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March 1st, 2009 – Happy St. David’s Day. Or, for the Welsh speaking among us, “Dydd Gwyl Dewi Dedwydd!” This is the day for all Welsh people to celebrate their country, often accompanied by a leek or a daffodil pinned to their outfit.
So who was St. David, and why is he the patron saint of Wales? According to legend, he was the Abbot and founder of a monastery that is now known as St. David’s in Pembrokeshire. He later became the Archbishop of Wales.
A very devout man, he is believed to have performed many miracles before his death on the 1st of March, 589. He became the patron saint of the country many years ago, when the Welsh were resisting the Norman invasion.
St. David also founded or restored up to twelve other monasteries throughout the country during his life. Legends have been born that say he rode on the back of a sea monster from Ireland to Wales.
St. David’s day is more of a celebrated occasion than its English equivalent, St. George’s Day. In Wales it is in the same league as Burns Night in Scotland or St. Patrick’s Day in Ireland.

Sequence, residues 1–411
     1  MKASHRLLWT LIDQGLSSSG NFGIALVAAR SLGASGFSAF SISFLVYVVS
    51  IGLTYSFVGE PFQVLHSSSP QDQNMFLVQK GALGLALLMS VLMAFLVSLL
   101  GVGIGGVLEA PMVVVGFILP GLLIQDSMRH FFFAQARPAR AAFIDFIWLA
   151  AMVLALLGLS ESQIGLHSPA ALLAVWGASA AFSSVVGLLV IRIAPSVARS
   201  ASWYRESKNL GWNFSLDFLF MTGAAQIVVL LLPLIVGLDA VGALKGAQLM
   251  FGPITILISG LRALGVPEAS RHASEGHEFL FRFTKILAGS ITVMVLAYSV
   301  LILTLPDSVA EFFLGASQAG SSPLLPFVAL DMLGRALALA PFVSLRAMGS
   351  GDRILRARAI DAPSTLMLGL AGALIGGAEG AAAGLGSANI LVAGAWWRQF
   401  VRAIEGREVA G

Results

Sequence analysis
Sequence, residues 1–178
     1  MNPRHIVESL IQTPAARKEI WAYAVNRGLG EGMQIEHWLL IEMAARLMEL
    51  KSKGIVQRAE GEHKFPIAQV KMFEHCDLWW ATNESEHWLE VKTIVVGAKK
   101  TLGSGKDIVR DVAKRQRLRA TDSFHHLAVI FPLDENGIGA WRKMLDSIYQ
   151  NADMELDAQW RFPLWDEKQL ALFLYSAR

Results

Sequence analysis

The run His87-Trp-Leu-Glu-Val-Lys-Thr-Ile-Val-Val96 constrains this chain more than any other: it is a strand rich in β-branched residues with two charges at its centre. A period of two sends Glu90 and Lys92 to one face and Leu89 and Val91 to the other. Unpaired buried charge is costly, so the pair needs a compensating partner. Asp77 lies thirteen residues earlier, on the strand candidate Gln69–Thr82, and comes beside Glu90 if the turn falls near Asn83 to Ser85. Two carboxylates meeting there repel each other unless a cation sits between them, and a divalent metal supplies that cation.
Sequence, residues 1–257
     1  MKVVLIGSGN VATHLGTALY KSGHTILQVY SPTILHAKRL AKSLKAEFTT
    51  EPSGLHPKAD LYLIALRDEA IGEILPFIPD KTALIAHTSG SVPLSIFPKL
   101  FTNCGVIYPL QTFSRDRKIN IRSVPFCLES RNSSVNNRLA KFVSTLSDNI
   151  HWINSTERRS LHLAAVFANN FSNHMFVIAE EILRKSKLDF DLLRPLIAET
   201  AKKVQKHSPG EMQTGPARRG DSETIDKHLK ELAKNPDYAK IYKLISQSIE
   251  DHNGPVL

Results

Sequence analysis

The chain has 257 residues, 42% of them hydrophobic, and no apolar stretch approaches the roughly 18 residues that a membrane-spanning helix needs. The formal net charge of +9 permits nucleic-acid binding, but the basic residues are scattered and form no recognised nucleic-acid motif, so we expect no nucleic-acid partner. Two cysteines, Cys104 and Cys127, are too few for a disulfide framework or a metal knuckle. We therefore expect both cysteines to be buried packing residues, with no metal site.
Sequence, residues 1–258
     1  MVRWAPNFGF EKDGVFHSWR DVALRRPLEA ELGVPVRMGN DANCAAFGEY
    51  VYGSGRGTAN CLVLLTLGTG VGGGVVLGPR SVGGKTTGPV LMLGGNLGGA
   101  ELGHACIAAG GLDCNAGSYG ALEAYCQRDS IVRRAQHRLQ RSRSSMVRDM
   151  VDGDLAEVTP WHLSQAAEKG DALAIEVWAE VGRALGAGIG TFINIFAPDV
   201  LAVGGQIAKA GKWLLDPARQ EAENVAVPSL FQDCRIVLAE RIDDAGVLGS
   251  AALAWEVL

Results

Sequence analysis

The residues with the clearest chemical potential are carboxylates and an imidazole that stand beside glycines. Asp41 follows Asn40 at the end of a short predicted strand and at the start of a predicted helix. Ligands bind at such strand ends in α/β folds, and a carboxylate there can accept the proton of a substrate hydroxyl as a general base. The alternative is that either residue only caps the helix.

Major Welsh cities such as Swansea and Cardiff organise special events in commemoration every year. In Cardiff, a week-long program of events has been organised for this year. It includes a ten kilometer run, musical performances at Cardiff castle, and even a parade, which takes a route through the centre of Cardiff from a museum near the university to the National Assembly near Cardiff Bay.
St David’s Day is a chance for all Welsh citizens and descendants to feel a sense of unity, despite where they may live. It is also a chance for non-Welsh people to learn more about the history and culture of the country, as well as have a good time at the various celebratory events. Wales has managed to retain a strong sense of its identity and culture, with traditional costumes and recipes having been passed down through the generations. Some of the most famous recipes include Welsh Rarebit, which is a variation of cheese on toast, Welsh Cakes or ‘bakestones’, and cawl, a country stew made with seasonal produce.
If you fancy celebrating St David’s Day at home, here is a simple recipe for Welsh rarebit, courtesy of the website “Wales Wide Web”. So enjoy celebrating; daffodils are optional.
4oz grated hard cheese
3 tablespoons of milk
A little mustard (to taste)
A tomato (or two, if you prefer)
A thick slice of toast
1. Mix the cheese, milk and mustard and spread thickly over the toast. Make sure the edges are covered so they don’t burn.
2. Cook under a hot grill until bubbling and starting to brown.
3. Slice the tomato and put a couple of slices on top, then re-heat briefly.
4. Serve with the other tomato slices.